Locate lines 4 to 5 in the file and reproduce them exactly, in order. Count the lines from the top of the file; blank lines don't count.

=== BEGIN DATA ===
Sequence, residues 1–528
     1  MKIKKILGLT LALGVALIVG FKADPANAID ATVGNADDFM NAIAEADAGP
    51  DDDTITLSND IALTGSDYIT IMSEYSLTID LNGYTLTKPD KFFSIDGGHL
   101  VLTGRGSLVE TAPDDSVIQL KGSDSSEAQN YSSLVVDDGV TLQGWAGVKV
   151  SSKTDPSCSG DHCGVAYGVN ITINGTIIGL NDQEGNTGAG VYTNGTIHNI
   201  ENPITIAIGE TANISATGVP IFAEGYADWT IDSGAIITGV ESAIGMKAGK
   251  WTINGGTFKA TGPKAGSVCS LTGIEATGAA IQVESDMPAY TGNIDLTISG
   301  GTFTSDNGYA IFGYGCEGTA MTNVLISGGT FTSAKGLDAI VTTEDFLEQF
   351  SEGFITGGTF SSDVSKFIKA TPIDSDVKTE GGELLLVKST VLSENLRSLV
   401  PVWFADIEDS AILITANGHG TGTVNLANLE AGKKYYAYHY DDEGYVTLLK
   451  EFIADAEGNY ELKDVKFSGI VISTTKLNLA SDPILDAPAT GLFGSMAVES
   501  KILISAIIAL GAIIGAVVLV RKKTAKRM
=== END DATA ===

   101  VLTGRGSLVE TAPDDSVIQL KGSDSSEAQN YSSLVVDDGV TLQGWAGVKV
   151  SSKTDPSCSG DHCGVAYGVN ITINGTIIGL NDQEGNTGAG VYTNGTIHNI